Pandemic brings new data risks

Pandemic brings new data risks

More privacy breaches could arise from greater digitisation and workfrom-home surveillance, says Data Protection Excellence Centre

Southeast Asia can expect to see more specific privacy breaches attributed to continued pandemic conditions this year, according to the Data Protection Excellence (DPEX) Centre, the learning and research arm of Singapore-based Straits Interactive.

First, as the impact of the Omicron variant is being felt worldwide, digitisation and surveillance efforts are expected to continue at government and organisation levels. This will create more privacy issues and breaches due to the following factors:

  • Verifying and monitoring vaccinated individuals and those with Covid-19 for a legitimate purpose, but with privacy impacts on individuals;
  • Stricter contact tracing requirements through vaccinated travel lanes, including mandatory requirements to download contract tracing mobile apps at travel destinations;
  • Digitisation and transformational activities of companies with little regard to security and privacy requirements at the design level.
  • In addition, in light of continued lockdowns and work-from-home requirements, the DPEX Centre expects continued breaches of data protection laws to result from:
  • Increased spamming activities from companies;
  • Software for monitoring employees becoming more prevalent and the use of new intrusive technologies (including artificial intelligence), especially in mobile apps;
  • Continued cyberattacks, as well as identity theft and phishing, involving sophisticated technologies (for example, deepfakes).

“Expect to see more sophisticated breaches created by the pandemic situation in 2022 — whether it involves a data breach in a contact tracing app, unauthorised use of Covid-19-related personal data, or via the use of new privacy-intrusive technologies to profile or perform surveillance of individuals,” said Kevin Shepherdson, chief executive of Straits Interactive.

“Combine this with newly updated or newly introduced data protection laws — such as China’s Personal Information Protection Law — as well as the upcoming laws in the region, in India, Thailand and Indonesia, we expect demand for data protection expertise and data protection officers to continue to grow.”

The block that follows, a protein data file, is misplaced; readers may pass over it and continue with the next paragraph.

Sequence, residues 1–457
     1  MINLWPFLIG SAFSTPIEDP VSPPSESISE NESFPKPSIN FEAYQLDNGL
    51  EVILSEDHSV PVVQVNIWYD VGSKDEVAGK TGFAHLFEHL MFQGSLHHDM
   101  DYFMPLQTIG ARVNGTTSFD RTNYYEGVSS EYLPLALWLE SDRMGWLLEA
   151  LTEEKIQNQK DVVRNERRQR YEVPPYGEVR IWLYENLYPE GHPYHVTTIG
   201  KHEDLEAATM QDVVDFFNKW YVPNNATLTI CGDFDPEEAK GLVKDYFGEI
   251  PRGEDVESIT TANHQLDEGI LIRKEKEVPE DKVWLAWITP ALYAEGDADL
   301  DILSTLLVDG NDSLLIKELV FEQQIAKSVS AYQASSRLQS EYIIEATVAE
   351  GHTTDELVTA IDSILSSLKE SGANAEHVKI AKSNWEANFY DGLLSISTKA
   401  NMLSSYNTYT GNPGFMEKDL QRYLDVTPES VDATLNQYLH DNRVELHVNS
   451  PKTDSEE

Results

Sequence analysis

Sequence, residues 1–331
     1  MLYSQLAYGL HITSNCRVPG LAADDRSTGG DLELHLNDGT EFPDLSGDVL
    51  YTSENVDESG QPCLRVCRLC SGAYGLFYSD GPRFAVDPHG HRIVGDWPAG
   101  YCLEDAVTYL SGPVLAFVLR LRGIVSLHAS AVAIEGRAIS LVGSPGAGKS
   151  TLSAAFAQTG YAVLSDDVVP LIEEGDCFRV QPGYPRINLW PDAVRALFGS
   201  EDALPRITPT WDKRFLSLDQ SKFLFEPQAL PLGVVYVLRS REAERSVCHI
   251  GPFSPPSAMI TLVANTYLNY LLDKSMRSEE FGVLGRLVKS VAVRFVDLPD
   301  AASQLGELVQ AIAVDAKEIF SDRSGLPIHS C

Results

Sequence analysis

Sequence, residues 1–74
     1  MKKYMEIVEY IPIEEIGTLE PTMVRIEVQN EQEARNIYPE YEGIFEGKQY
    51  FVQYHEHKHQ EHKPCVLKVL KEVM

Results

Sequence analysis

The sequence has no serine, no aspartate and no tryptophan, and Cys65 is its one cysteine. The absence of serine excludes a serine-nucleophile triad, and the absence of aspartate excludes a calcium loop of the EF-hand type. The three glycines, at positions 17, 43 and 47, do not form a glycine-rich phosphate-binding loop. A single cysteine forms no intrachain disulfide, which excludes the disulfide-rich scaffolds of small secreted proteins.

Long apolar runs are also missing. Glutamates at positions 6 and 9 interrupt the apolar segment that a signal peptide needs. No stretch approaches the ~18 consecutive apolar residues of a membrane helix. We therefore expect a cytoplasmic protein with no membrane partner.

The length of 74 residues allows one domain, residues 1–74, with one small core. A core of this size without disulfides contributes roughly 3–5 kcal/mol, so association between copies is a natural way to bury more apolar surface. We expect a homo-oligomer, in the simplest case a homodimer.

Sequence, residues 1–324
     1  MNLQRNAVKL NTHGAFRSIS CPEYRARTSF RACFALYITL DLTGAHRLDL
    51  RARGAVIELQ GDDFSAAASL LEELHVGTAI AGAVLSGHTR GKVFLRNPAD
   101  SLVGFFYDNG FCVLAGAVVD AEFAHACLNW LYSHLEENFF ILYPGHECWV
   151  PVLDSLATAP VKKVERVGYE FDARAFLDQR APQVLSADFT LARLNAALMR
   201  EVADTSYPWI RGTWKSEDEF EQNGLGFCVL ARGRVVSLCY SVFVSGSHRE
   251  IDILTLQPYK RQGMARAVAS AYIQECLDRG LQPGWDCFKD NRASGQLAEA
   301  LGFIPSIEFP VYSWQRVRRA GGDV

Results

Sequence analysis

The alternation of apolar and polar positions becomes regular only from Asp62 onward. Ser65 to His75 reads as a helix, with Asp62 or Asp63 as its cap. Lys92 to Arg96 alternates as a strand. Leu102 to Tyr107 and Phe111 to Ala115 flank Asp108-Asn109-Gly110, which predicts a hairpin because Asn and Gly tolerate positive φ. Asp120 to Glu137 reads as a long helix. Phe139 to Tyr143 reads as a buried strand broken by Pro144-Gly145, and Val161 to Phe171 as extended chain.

In November 2021, the DPEX Centre reported that dedicated DPO jobs in Singapore increased by 54% from 2020, with an estimated 3,700 data protection-related jobs created in 2021.

One trend the centre noted last year was towards third-party management of personally identifiable information (PII) due to automation, digitisation and WFH initiatives.

Amid continued disintermediation and diversification of supply chains, PII processing has become more challenging, especially from a third-party management perspective. There are also requirements for cross-border data transfers and extraterritorial applications.

Organisations and their data processors/intermediaries need to be clear with their respective roles under data protection laws, said the DPEX Centre. It points to some notable breaches in Singapore arising from third parties, including one involving a Fullerton Health vendor, Volkswagen and Audi vendors and a Singtel third-party vendor.

More cases of privacy breaches involving intrusive mobile apps as a result of Covid and ongoing automation were also seen in 2021. One example was WhatsApp’s privacy policy update controversy, and numerous breaches related to mobile apps included Babylon Health, Flo, Line and Indonesia’s contact tracing app.

As public awareness of privacy grows, the importance of certification both at the corporate and individual level will continue to gain momentum, driven by local data protection authorities.

Authorities in Singapore and the Philippines are leading the way in the region in encouraging local data protection officers and professionals to be certified, the DPEX Centre said.

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